His experience in covering and representing the rural and agricultural sector is informed by his own background. He is South Island born and has a deep knowledge of rural Canterbury.
Privately, Steve is a published author (one of his short stories has been made into the award-winning New Zealand short film ‘The Colonel’s Outing’) and is a skilled photographer (his wildlife and native plant photography has appeared in a number of national and international publications), writer and blogger about our landscapes, native wildlife and conservation issues.
For more information visit Convergence.
Karen has been a volunteer for 4 years at the South Island Wildlife Hospital. She had a Medical Professional background before retiring, which has become useful when learning the intricacies of wildlife care. Karen is also a very keen amateur photographer.
Ron has always had a passion for birds, as a youngster he started keeping and breeding cage birds, a hobby which went on well into his adult life. He studied Stroud’s book on avian medicines, diagnosing and making up potions to cure ailments in his birds. More recently as a wildlife photographer he has done several exhibitions on New Zealand Birds. Ron's involvement with the New Zealand Raptor Trust started with a phone call from Vaughan Skea asking if he would be interested in being part of an organisation rescuing and rehabilitating native raptors. Ron responded positively and was soon part of the trust board of the new organisation. Ron's current responsibilities are Secretary, PR and Education.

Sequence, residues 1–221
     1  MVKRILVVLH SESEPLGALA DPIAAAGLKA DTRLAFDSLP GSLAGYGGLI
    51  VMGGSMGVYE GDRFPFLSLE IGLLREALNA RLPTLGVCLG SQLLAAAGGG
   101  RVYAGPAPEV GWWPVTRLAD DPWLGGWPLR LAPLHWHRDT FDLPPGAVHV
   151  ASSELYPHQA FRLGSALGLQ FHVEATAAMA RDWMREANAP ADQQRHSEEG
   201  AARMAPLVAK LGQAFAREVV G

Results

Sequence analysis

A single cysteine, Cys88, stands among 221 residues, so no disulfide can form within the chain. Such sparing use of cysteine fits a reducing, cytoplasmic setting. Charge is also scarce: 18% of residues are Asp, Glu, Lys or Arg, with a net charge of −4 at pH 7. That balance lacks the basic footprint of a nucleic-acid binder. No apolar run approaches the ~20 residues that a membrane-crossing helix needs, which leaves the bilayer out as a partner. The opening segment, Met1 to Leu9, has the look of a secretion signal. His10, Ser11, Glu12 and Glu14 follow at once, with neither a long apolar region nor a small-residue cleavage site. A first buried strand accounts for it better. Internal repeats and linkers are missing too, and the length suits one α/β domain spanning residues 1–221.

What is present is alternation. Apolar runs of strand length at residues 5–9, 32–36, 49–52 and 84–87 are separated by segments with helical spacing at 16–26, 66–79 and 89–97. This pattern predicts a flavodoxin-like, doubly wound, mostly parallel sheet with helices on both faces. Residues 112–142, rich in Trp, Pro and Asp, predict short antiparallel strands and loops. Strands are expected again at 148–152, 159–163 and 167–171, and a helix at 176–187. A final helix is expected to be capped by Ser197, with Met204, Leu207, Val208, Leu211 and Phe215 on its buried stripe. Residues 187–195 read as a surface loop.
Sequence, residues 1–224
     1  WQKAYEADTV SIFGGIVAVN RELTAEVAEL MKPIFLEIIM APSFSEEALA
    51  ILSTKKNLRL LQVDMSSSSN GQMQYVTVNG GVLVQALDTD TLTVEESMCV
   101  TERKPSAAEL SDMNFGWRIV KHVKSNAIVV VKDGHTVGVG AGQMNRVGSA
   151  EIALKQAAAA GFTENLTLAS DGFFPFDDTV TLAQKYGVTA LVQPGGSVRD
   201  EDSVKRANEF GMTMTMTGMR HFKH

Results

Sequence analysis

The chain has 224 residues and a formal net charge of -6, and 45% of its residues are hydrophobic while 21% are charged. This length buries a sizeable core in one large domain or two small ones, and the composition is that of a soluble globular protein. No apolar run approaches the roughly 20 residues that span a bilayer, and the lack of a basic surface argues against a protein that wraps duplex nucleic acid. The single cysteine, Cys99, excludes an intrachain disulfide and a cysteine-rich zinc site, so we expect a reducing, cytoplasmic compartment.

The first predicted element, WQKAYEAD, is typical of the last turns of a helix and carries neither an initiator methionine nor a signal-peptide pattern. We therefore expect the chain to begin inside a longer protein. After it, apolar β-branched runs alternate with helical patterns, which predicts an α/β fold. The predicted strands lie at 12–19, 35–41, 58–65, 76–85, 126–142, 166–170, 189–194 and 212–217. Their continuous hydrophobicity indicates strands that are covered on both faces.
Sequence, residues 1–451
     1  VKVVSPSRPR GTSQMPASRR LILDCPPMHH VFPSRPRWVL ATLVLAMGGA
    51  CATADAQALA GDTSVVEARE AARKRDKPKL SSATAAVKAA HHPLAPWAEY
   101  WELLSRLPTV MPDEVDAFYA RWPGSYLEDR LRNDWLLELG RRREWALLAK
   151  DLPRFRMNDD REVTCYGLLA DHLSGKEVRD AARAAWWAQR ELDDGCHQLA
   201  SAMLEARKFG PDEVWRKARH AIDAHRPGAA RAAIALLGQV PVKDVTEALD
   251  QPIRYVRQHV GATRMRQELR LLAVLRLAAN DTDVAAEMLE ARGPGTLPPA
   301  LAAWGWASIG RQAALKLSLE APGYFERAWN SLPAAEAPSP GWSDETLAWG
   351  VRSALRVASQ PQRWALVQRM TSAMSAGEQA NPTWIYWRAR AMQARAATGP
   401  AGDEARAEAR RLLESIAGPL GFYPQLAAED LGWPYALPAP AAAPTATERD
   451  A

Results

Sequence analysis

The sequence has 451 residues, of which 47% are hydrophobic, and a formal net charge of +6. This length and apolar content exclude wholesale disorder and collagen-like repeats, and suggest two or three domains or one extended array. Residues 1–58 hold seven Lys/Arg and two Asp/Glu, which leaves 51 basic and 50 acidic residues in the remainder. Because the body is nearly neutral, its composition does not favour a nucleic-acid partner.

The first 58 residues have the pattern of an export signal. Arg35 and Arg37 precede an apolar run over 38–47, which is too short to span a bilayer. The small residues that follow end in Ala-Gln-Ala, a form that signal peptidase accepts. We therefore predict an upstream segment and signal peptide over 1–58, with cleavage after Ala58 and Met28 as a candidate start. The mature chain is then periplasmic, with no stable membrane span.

Dr Laura Young
Laura works part time for the Kea Conservation Trust and part time for DOC on kea research and on plant conservation among a range of other topics. Laura completed her PhD in alpine ecology in 2012. Her research showed that kea are by far the most important dispersers of seed of most mountain plants and declining kea populations may be detrimental for native plants in the long term. Laura has also been involved in a range of biodiversity monitoring, research and conservation projects – from kea to plant communities in Panama – and enjoys working with local communities to achieve conservation outcomes. She has a three-year old girl who just loves coming along on field trips into the hills!
Thomas Stracke (MSc)
Thomas has a masters degree in biology (study on penguin parasites), rehabilitates penguins at Christchurch Penguin Rehabilitation and works as an Intensive Care Nurse in Christchurch Public Hospital.
Tracie is a Wildlife Rehabilitation Technician at Central Energy Trust Wildbase Recovery, located in Palmerston North.
Tracie has been raised in a conservation conscious household and has always been involved with animals and nature. She started her education at Bay of Plenty Polytech studying Animal Care, followed by Animal Handling and Rural Conservation where she decided to pursue further avenues in animal behaviour, particularly wild animals. She successfully completed Unitec’s Captive Wild Animal Management as a student keeper at Wellington Zoo which has given her the building blocks on which to apply her ongoing wildlife rehabilitation efforts. Tracie said:
“What I wish to achieve as a rehabilitator is to increase and fine tune my expertise in caring for and rehabilitating our wildlife, have a positive effect on native wildlife populations and by doing so, contribute to our nation’s wider conservation goals. I am glad to be a part of the wildlife rehabilitation community.”
Dr Pauline Howard (BVSc)
Pauline is a small animal veterinarian at the Hornby Veterinary Centre in Christchurch. with a keen interest in wildlife. With an enthusiastic, capable group of volunteers, Pauline helps run the South Island Wildlife Hospital. They have a small hospital in the carpark of Willowbank Wildlife reserve. South Island Wildlife Hospital offers support to local wildlife, veterinarians, SPCA, rehabbers and DOC. They have enjoyed treating a wild range of birds – from juvenile shags with parasite problems, penguins and Harrier hawks to kea with lead poisoning. Pauline has a very supportive husband, Peter and three adult children Alice, Andrew & Martin.